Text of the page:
Newcastle-born painter John Olsen (1928-2023) was known for his beret-wearing, his vibrant lyrical landscapes, his deep generosity, his charisma and his infectious joie de vivre.
Olsen died on Tuesday evening (11 April) surrounded by family and loved ones. He was 95.
In the flood of tributes that have rolled out following the news, Olsen has been described as ‘a landscape poet’, a ‘titan of the Australian art world’, ‘the Picasso of Australia’ and, by the late Director of the Art Gallery of NSW, Edmund Capon, as ‘up there in the stratosphere’ of Australian artists.
In an earlier ArtsHub conversation, artist Ben Quilty described Olsen as ‘an unbelievably optimistic human being’.
Sitting in Olsen’s kitchen at Bowral, on the occasion of the last major solo exhibition to be mounted during his lifetime, John Olsen: Goya’s Dog, Olsen was – as always – delighted to share his life passions of art, food and poetry.
The Goya’s Dog exhibition was conceived by the late curator William Wright AM and bought to life years later by National Art School (NAS) Director Steven Alderton. It showed there in June 2021, before touring to Bowral last year, at the regional gallery Ngununggula. Olsen had studied at NAS (then East Sydney Technical College) where he also taught in 1960 after returning from his travels. In 2008 he was made a National Art School Fellow.
This love of teaching and sharing continued at the Bakery Art School, which he set up in 1968.
Ngununggula Director, Megan Monte, says, ‘It was an important exhibition that celebrated the work of one of the most prolific artists of our time, and his legacy will be held close by many for years to come.’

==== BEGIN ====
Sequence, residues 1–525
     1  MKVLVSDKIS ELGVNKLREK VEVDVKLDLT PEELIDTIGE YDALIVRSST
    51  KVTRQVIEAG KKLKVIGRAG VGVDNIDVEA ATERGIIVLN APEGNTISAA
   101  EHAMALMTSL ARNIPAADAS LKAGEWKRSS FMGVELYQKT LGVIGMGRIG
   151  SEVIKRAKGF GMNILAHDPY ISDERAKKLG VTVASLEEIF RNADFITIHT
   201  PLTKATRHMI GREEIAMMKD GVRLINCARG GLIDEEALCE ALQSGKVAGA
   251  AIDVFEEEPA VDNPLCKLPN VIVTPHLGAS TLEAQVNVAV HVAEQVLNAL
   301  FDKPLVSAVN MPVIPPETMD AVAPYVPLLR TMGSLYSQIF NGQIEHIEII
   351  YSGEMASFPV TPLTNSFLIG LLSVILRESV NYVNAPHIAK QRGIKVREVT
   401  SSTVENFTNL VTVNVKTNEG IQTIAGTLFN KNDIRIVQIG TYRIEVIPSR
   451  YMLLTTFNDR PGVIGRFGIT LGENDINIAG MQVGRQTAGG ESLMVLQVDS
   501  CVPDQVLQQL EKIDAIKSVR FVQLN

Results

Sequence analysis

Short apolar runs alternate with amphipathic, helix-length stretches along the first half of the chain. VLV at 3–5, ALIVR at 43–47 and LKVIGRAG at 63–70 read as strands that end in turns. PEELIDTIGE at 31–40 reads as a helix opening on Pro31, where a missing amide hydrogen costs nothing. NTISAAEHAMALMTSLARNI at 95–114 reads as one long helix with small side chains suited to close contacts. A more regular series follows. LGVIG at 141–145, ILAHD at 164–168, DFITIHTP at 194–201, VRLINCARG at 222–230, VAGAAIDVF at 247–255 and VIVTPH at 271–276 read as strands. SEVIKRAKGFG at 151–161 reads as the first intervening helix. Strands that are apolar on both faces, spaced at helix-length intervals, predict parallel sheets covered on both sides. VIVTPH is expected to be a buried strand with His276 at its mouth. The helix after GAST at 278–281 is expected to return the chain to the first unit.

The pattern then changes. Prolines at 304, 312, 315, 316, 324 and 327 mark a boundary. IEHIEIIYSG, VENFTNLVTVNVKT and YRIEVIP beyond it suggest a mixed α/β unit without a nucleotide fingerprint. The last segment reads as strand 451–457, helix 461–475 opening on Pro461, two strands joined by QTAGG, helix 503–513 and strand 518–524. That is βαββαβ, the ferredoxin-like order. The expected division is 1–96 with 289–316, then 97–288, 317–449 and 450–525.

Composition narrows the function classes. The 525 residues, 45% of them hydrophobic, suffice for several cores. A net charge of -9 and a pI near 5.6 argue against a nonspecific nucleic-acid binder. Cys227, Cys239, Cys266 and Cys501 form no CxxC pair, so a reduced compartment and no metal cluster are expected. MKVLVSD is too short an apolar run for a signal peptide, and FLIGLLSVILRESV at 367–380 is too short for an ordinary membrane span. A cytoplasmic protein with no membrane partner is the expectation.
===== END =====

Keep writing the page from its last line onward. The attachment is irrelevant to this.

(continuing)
That regional connection to landscape was a constant throughout Olsen’s long career – whether engaged as large sweeping aerial gestures, or intimate details from his rural home – and honing that macro view down to a celebration of the micro, such as his love of frogs.
Some of Olsen’s most loved works are from his Lake Eyre series, a landscape he regularly visited.
Shaping a vision of Australia
Director of the National Gallery of Australian (NGA), Nick Mitzevich told the Sydney Morning Herald on the news of Olsen’s death, that his work held a ‘quintessential Australianness’. Mitzevich added, ‘He harnessed a great sense of intimacy in his subjects and drew people in and kept them captivated. He was also a poet, a pragmatist and a man of great wisdom.’
Tim Olsen wrote of his father’s work: ‘Watching the work at firsthand, I can say that the iconic fluidity of his line, his seamless pleasure (and success) in life, and what seemed like a rolling cavalcade of great and major works of art took tremendous drive and concentration.
‘Everything my father touches is full of passion, intensity, truth and curiosity,’ wrote Tim. ‘So often he has been known by his motto, ‘I am in the landscape and the landscape is in me’. That line, over time, became indivisible with his artistic identity and in the process he changed the face of how we see this terrain.’
While Olsen moved across mediums – from painting to drawing, ceramics to tapestries and printmaking – his most famous work is a 21-metre mural that hangs in the Sydney Opera House’s concert hall foyer, Salute to Five Bells, commissioned by the Dobell Foundation in 1970-73.
It was inspired by Kenneth Slessor’s epic poem Five Bells, and was a tribute to their shared friend, Joe Lynch who had drowned in Sydney Harbour. It captures how Olsen’s love of poetry is often intertwined with his making; the artist would often break into recited lines from his favourite poems during casual conversations.
Olsen’s visual diary documents his progress making the mural, and is now held in the collection of the National Library of Australia.